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I met Eka (not her real name) in 2014. After traveling for hours on pothole-filled road, I finally reached her village in Cianjur, in West Java. I went to her home, and her father pointed toward a shabby outhouse with a locked door and boarded windows. As I approached, I nearly gagged from the stench of urine and feces. I couldn't believe anyone was living inside. I peered through the cracks in the window, squinting to see her in the dark.

This man lived shackled in stocks, a traditional form of pasung, for nine years in a back room in his family’s home in Cianjur in West Java. When he was released, his legs had atrophied from disuse. © 2011 Andrea Star Reese

There she was – crouching in the corner, completely naked, in a pile of rubble.

In her 30s, Eka had suddenly exhibited destructive behaviors, digging up crops on the neighbor's land. At that time, her 60-year-old father didn't know what to do. He was ashamed and couldn't afford to keep paying off the neighbors. With no hospital or doctor around, he consulted healers who said Eka was cursed. And when their herbal treatments didn't work, under pressure from other villagers, Eka's father felt he had no choice but to lock her up.

That was 15 years ago.

Since then, Eka has been eating, sleeping, urinating and defecating in the outhouse with virtually no sunlight. The village children taunted her and threw stones through gaps in the windows. She took one of these stones and started digging. Over the years, she had turned the cement floor into rubble and made a hole in the wall trying to escape. But when her father saw she was making headway, he tied her hands behind her back so she had to crouch in the rubble to eat the food her family threw for her.

With the help of a mental health rights organization, Eka was finally released a few months after I met her. But according to the government's estimate, more than 18,000 people in Indonesia with real or perceived mental illnesses still live inpasung — shackled or locked up in confined spaces. The Indonesian government banned pasung in 1977, but the practice persists due to pervasive stigma and a lack of access to mental health care. People spend years locked up in chains, wooden stocks or goat sheds because families don't know what else to do.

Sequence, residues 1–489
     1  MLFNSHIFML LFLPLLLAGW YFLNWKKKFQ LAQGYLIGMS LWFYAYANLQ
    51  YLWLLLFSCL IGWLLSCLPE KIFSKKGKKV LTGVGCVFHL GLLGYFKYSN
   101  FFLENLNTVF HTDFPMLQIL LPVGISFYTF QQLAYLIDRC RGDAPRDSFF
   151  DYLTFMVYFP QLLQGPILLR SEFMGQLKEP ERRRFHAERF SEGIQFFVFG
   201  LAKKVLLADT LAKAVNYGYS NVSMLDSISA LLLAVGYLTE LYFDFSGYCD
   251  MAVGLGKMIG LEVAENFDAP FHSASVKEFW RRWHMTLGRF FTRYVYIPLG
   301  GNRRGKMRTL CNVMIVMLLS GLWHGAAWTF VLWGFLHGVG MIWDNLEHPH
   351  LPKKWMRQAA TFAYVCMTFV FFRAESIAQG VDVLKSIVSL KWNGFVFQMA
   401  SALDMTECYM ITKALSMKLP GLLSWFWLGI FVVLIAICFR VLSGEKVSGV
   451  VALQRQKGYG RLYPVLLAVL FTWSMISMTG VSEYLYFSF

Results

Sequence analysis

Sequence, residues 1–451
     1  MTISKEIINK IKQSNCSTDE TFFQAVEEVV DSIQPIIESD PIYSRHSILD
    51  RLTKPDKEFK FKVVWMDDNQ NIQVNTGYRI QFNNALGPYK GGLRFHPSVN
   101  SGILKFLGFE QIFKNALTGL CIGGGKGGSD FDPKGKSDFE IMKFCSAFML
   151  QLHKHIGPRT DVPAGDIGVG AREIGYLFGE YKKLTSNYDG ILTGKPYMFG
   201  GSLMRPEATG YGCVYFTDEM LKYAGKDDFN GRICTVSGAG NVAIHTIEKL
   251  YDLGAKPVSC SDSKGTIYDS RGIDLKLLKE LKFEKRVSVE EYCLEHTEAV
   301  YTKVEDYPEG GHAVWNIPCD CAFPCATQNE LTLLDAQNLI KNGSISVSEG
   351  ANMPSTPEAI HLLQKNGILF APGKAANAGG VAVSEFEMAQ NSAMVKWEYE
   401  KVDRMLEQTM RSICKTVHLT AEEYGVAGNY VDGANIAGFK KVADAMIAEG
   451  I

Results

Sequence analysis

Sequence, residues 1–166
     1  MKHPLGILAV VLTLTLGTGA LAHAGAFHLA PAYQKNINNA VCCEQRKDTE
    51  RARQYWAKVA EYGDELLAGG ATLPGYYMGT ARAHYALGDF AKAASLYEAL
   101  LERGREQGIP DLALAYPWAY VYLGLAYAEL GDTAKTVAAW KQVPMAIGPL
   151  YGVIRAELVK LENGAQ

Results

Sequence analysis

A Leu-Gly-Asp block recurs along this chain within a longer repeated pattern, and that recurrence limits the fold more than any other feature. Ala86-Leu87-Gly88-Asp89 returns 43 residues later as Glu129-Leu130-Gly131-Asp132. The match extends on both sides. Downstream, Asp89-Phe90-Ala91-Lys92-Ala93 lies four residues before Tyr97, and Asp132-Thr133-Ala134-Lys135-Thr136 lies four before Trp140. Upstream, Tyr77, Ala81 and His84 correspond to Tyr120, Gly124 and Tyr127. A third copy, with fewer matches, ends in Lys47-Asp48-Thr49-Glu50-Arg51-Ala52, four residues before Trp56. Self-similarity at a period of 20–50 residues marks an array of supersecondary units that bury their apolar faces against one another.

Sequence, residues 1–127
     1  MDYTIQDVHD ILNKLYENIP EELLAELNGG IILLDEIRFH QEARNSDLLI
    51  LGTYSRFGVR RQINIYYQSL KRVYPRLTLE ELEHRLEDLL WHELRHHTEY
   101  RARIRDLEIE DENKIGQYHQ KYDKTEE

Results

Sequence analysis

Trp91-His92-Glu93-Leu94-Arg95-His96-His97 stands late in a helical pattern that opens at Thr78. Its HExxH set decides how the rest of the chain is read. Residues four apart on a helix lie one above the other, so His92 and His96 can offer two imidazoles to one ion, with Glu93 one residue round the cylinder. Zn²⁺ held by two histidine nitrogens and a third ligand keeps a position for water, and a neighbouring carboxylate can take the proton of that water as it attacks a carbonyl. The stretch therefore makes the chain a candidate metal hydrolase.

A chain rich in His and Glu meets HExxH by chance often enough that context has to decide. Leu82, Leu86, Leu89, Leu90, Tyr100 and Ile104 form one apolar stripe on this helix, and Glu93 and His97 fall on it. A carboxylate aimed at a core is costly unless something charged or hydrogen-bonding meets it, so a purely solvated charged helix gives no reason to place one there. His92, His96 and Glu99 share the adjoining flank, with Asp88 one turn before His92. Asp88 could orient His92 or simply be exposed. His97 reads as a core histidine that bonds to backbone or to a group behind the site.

Indonesia has only one psychiatrist for 300,000-400,000 people and only 48 mental hospitals in the whole country of 250 million. More than half of the institutions are in just four of Indonesia's 34 provinces. Government data show that 90 percent of people who may need mental health care, cannot get it.

The Indonesian government has taken some steps to do away with pasung. The government started an anti-shackling campaign, created teams to free people from pasung and passed a mental health law requiring the integration of mental health care into primary health services. However, partly because Indonesia's government is so decentralized, implementation at the local level has been very slow.

Last March, Human Rights Watch released a report called "Living in Hell" which documented shackling of people with psycho-social disabilities in Indonesia, including in institutions run, supported, or licensed by the government. In response to the report and the #BreakTheChains social media campaign, Indonesia's health minister, Nila Moeloek, committed herself to providing mental health medication in all 9,500 community health centers (Puskesmas) across the country. The government has also taken steps to train its staff at the provincial level to help eradicate shackling.

These are positive developments, yet much remains to be done. The government should mark World Mental Health Day on October 10 with a commitment to make mental health a priority. It should give muscle to the ban on shackling by regularly monitoring social care institutions, mental health facilities and traditional healing centers. The Ministry of Public Health should allocate the necessary funds and issue a timeline for its plan to provide mental health medication in community health centers.

In partnership with disabled persons' organizations, the government should conduct extensive public awareness campaigns on mental health. It should include information on the right to informed consent, which protects people with disabilities from abuse such as forced treatment and enables them to make their own medical decisions. The government should also develop a wide range of community-based services so that people who are rescued from pasung do not end up back in shackles.

If the government follows through with its promises, people like Eka can live in dignity, instead of in shackles.

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